The Paris Enigmaby Pablo De Santis
In the tradition of Caleb Carr’s The Alienist and Eric Larsen’s The Devil in the White City comes The Paris Enigma, a gripping tale of murder and the art of crime solving. Written in a strikingly original voice, and poignantly evoking a world about to lose its innocence forever, The Paris Enigma features two detectives who/b>/b>/b>/b>
In the tradition of Caleb Carr’s The Alienist and Eric Larsen’s The Devil in the White City comes The Paris Enigma, a gripping tale of murder and the art of crime solving. Written in a strikingly original voice, and poignantly evoking a world about to lose its innocence forever, The Paris Enigma features two detectives who find themselves in a race against time around glorious fin de siècle Paris, encountering all manner of secret societies and solving philosophical puzzles, while also trying to save a dangerously beautiful woman.
Discriminating general readers as well as whodunit fans will enjoy this outstanding puzzler, winner of the first Casa de las Américas prize for best Latin American novel. Argentine author De Santis conjures up a veritable Justice League of 19th-century master sleuths-the 12 Detectives-who meet for the first time in Paris, at the 1889 World's Fair. Argentine Sigmundo Salvatrio, loyal assistant to founding member Renaldo Craig, represents the absent Craig. When Louis Darbon, one of two claimants among the 12 for the title of Detective of Paris, falls to his death from the Eiffel Tower shortly before the fair's opening, Darbon's rival, Polish expatriate Viktor Arkazy, takes Salvatrio on as his apprentice, and the pair struggle to solve the mystery before more victims are claimed. De Santis adroitly explores such issues as the difference between image and reality while providing intelligent and entertaining discussions of alternate approaches to detection. (Nov.)Copyright © Reed Business Information, a division of Reed Elsevier Inc. All rights reserved.
In the City of Light, just as it is about to be illuminated by the 1889 World's Fair, a series of murders baffles an international band of detectives. Zut!
Argentine journalist and comic-strip creator De Santis chooses one of the moments when the Western world leapt further into the modern age to tell a slim and wistful story of a group of detectives. His narrator is Sigmundo Salvatrio, brainy and modestly ambitious son of a Buenos Aires shoemaker, who jumps at the advertised chance to train under Renato Craig, one of The Twelve Detectives, an intercontinental association of sleuths whose exploits are the grist for hugely popular pulp magazines. Each of the Twelve Detectives has an assistant—an acolyte—who extends his reach and, in some cases, documents his (there are no women in their number) deeds. Salvatrio is too modest to think he might become Craig's acolyte, but he excels at the training and, when the most promising student is murdered while on assignment, Craig anoints Salvatrio, and he assists the master in the solution of his classmate's demise and its ghastly denouement, a second murder that involves Craig and which leads to Salvatrio's mission to Paris when Craig falls ill. Salvatrio subsequently checks in with his fellow acolytes and meets their famous mentors. Like any band of geniuses, they are a complex lot, with huge egos, conflicting methods and longstanding rivalries. The Twelve become the Eleven when their senior member, one of two contenders for the Greatest Detective of Paris, slips in a puddle of deliberately spilled oil on the nearly finished Eiffel Tower and falls to his death. That shocking event is followed by the burning of a taxidermed corpse and thedrowning of a mermaid, mysteries to test the greatest minds.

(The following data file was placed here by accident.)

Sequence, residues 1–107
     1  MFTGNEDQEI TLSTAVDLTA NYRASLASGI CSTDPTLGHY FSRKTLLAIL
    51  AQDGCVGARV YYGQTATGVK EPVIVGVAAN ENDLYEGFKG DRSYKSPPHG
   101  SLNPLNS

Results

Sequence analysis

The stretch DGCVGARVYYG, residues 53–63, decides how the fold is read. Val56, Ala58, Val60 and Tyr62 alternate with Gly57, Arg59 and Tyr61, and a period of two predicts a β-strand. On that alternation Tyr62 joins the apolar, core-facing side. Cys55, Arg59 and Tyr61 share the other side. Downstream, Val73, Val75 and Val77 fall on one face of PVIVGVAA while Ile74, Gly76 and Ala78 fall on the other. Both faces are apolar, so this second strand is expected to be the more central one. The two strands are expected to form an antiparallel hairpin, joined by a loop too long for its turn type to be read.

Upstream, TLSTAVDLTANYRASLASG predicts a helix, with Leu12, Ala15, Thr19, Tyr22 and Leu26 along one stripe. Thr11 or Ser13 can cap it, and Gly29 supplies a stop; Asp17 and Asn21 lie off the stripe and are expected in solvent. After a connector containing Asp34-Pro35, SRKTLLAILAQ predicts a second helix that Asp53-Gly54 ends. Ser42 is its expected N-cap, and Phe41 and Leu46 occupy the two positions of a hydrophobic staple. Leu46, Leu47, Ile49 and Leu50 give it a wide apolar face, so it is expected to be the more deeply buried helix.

Faintly charming, like an elegant but impractical antique automobile.
Agent: Markus Hoffmann/Regal Literary
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The Paris Enigma
My name is Sigmundo Salvatrio. My father came to Buenos Aires from a town north of Genoa and made his living as a cobbler. When he married my mother, he already owned a shoe-repair shop specializing in men's footwear (he never felt comfortable fixing women's shoes). As a child, I often helped him with this work. Today, people in my profession view my method for classifying fingerprints (the Salvatrio method) with high regardI owe that crime-solving innovation to the many hours I spent among the lasts and soles that filled our shop. I came to realize that detectives and shoemakers see the world from beneath, both focusing more on the footsteps that have strayed away from their intended path than the path itself.
My father was no spendthrift. Every time my mother asked for a little extra money, Renzo Salvatrio would say that wanton spending would eventually force us to subsist on boiled boot soles as Napoleon's soldiers had done during their Russian campaign. But despite his frugality, once a year he allowed himself an extravagance: on my birthday he would buy me a jigsaw puzzle.